Today, as part of Banned Book Week, I am pleased to welcome Laura J. Burns and Melinda Metz to Eating YA Books.These lovely ladies graciously consented to join the rest of the blogosphere to add their voices and Speak Out against book banning.
TRUTH IN FICTION
Earlier this summer, Speak by Laurie Halse Anderson was challenged—a challenge is a request for banning a book—because it contained "much offensive material, including two rape scenes, drunken teenage parties, and teenage pre‐marital sex." As we talked about the challenge, we were reminded of a book that was challenged when we were kids—Ordinary People by Judith Guest. That time, the challenge called the book "obscene" and "depressing."
Ordinary People is about a family--a mother, father, and son--trying to come to grips with the accidental death of the oldest child. Filled with guilt over having survived the accident when his brother didn't, the main character, a boy named Conrad, has attempted suicide. The novel delves into the many different ways that people deal with--or try to hide from--their grief. For anyone who has lost a family member, it's a book that examines the important, painful, and long-lasting aspects of a situation that can be difficult to discuss in real life. Imagine another teen, a real one, in Conrad's situation. He's alone with his grief, his parents too wrapped up with their own grief to help him. Imagine how much better he feels when he reads a book like Ordinary People and sees that there are others out there who understand at least some of his emotions. Seeing Conrad gain the strength and courage to go on with his life might inspire this real teen to move forward in his own.
Imagine a real teen, maybe the girl who sits next to you in English, has gone through something similar to what Melinda experienced in Speak, a rape she didn't tell anyone about, instead spiraling down into a world of depression and silence. Imagine that after reading the book this girl was inspired to tell the truth about what happened to her-- perhaps to a trusted teacher such as Melinda's Mr. Freeman--and take back control of her life.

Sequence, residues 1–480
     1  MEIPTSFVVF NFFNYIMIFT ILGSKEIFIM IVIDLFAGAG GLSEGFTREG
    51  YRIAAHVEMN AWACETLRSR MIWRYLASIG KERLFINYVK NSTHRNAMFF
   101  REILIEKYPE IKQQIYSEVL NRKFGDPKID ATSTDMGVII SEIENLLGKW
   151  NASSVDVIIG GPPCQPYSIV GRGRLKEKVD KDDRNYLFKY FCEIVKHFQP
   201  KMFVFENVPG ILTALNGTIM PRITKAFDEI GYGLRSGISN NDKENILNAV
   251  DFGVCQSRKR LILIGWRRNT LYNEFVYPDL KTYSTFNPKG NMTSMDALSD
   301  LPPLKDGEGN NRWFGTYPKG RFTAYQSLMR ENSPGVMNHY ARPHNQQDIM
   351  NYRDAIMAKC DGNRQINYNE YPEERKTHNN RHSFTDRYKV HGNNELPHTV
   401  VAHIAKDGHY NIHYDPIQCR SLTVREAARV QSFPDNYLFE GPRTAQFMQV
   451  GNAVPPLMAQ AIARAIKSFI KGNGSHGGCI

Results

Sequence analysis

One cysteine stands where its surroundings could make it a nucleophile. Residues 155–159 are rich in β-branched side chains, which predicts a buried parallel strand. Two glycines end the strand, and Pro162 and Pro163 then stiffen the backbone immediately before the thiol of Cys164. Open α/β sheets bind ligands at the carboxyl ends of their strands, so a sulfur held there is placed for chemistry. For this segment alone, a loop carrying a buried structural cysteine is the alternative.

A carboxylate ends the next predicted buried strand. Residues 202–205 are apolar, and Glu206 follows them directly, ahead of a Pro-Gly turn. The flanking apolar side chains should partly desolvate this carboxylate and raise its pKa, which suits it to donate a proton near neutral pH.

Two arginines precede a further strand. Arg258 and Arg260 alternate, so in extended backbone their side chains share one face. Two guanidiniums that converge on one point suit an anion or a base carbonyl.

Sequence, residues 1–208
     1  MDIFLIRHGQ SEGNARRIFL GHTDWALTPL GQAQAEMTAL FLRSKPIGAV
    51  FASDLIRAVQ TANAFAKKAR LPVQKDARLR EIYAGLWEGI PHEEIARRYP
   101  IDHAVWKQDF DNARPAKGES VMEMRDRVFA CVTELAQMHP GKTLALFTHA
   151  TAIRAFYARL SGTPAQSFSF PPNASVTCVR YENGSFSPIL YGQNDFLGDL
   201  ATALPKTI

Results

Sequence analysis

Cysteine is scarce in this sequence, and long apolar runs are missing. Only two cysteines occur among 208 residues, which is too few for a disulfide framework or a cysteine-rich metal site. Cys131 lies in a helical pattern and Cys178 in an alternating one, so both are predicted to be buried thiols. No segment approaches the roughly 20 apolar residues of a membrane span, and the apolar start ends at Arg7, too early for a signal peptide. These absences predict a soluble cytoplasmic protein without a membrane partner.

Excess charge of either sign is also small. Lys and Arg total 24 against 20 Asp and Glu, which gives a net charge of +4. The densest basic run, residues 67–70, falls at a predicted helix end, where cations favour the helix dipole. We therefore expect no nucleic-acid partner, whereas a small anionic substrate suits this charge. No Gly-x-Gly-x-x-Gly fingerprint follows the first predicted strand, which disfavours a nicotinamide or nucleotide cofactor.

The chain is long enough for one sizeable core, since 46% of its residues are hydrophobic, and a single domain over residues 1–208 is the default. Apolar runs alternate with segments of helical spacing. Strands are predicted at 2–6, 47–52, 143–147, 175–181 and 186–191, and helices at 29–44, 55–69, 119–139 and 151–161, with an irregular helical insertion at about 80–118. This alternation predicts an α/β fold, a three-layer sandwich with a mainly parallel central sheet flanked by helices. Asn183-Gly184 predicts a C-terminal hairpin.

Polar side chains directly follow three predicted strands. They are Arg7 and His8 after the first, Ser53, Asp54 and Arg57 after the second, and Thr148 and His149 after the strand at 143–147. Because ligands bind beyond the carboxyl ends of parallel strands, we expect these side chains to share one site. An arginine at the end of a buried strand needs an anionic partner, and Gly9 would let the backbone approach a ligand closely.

Literature speaks to the entire spectrum of the human experience, not only to the parts that you yourself have lived through. A book may depict people doing, saying, and thinking things that you don't understand, agree with, or approve of. Maybe that guy who works in the pizza place you go to read a book and it led him to stop smoking, or to call his estranged mother, or to ask for help with his learning disability...the possibilities are endless. The point is, novels speak to different people in different ways. The opinion of one person--or one group of people--should not prevent everyone else from reading and learning from a book.
Books like Speak and Ordinary People are powerful because they tell the truth. Some teenagers are raped. Some teenagers do attempt suicide. Is this depressing? Yes. But it's real. Some teenagers drink, use R-rated language, and have sex. Is this obscene or offensive? Depends on your point of view. But obscene or not, offensive or not, it's real. It's true.
This isn't to say that books that tell the truth can stop teen suicide or rape, or any other of life's tragedies. Teens who experience devastating loss and abuse and pain need more help than can be found in the pages of a story. But if the first step to solving a problem is admitting that there is a problem, then censorship is a step back.
Thank you Laura and Melinda for stopping by and joining us for Banned Book Week.
Don't forget to check out and enter my review and giveaway of Laura J. Burns and Melinda Metz's newly released book Crave, which end 9/28.
Also enter my Bloggers Speak Out Giveaway to win your choice of Speak, Slaughterhouse Five, or Twenty Boy Summer, three banned books.